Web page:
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I need some validation and thoughts from members on this forum.

I'm working on research case for my area of the application (we are micros services based) to make sure that two users can not perform the same operation at the same time. Basically, locking. Specifically, a user can not enter data for report while the report is being printed/generated.

The feature can be easily implemented by having a simple table that has is locked flag etc.

I could create a very specific locking logic that serves only my area of application or I can create "Locking" micro service and built it generically so that other modules (Micro Service/Workflows) can also utilize them and don't repeat them.

So I'm being reminded by "YAGNI" principle. But I disagree. Locking is a need for my application as well as other applications within the system. So instead of each component defining their own logic, I think it better to create a common locking service which is flexible in design so that other applications can also utilize it.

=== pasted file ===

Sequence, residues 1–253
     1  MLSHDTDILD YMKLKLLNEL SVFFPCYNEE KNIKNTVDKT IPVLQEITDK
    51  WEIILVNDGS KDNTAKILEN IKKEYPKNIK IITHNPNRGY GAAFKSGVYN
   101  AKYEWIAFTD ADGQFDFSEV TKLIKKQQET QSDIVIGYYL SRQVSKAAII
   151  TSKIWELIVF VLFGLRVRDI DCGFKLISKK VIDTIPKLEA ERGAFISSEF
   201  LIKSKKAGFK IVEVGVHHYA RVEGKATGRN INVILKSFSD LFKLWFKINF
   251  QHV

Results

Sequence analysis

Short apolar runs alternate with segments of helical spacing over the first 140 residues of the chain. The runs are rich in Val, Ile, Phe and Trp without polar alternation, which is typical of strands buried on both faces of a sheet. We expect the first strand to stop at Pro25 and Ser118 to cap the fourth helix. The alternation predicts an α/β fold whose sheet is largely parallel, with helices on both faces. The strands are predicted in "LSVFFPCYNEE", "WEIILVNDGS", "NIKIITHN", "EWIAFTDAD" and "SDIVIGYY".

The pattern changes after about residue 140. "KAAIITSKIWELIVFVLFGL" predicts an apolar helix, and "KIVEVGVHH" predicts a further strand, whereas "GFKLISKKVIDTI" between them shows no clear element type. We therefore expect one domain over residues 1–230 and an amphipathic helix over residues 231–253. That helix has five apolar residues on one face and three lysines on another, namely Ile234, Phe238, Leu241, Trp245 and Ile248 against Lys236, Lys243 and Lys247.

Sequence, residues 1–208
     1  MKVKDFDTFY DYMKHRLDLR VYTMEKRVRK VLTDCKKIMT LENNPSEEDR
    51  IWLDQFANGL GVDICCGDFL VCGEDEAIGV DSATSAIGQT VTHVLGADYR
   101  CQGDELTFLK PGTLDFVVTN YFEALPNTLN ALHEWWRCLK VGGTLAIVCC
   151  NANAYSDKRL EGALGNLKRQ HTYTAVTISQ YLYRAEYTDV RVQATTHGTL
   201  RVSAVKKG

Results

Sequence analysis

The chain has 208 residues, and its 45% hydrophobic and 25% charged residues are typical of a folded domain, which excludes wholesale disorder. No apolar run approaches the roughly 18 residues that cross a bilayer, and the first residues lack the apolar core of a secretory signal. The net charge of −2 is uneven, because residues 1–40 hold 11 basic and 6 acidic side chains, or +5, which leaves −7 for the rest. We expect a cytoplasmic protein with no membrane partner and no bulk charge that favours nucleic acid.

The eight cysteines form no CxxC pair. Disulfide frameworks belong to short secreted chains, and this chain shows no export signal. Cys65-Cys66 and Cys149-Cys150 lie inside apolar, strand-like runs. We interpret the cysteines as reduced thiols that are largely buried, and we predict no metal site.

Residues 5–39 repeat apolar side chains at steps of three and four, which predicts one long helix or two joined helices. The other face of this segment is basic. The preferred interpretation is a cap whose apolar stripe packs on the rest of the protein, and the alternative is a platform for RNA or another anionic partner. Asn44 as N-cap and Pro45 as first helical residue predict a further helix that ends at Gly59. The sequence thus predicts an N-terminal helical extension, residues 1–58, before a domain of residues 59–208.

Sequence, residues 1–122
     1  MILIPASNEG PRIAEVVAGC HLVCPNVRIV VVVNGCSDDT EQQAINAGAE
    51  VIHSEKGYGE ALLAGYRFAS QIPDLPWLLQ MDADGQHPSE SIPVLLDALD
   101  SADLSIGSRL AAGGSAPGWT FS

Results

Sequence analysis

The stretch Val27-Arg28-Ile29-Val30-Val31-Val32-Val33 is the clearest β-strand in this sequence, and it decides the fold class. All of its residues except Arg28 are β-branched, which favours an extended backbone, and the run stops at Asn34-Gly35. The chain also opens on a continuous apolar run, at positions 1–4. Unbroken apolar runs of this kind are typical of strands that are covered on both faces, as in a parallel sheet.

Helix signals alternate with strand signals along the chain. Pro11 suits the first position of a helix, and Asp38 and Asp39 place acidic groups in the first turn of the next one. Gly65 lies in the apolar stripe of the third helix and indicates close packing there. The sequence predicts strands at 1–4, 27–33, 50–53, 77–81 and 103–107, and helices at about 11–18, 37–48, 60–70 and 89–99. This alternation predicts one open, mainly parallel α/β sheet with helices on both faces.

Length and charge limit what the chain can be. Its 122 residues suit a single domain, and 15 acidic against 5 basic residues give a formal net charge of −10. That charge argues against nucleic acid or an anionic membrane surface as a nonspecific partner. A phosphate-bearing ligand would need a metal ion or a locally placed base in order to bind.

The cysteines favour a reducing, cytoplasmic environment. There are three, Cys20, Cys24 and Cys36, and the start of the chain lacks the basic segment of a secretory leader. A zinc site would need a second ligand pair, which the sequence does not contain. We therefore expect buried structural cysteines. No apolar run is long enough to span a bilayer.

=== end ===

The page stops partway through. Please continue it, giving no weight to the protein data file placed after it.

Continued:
What do you guys think? Am I breaking YAGNI?

What I have tried:

I have read about Yagni principle. And tried to ascertain if this situation falls under it?
Updated 30-Jun-22 11:18am
Gerry Schmitz 30-Jun-22 21:29pm    
"Tables" per se are not application specific. By default, you're creating something that anybody that wants to locks a table should be able to use. The question is, who's going to use it? "Table locks" are one of the worst "sharing" strategies. One "locks" a document, period, etc.; one is rarely justified in locking a table.

1 solution

I used to develop in-house application frameworks, and this is exactly what I did. I would read the specs for what was being developed in the upcoming release and then implement components that I thought could be used by more than one application. Your example sounds like something that would eventually be used by multiple services, in which case YAGNI does not apply.
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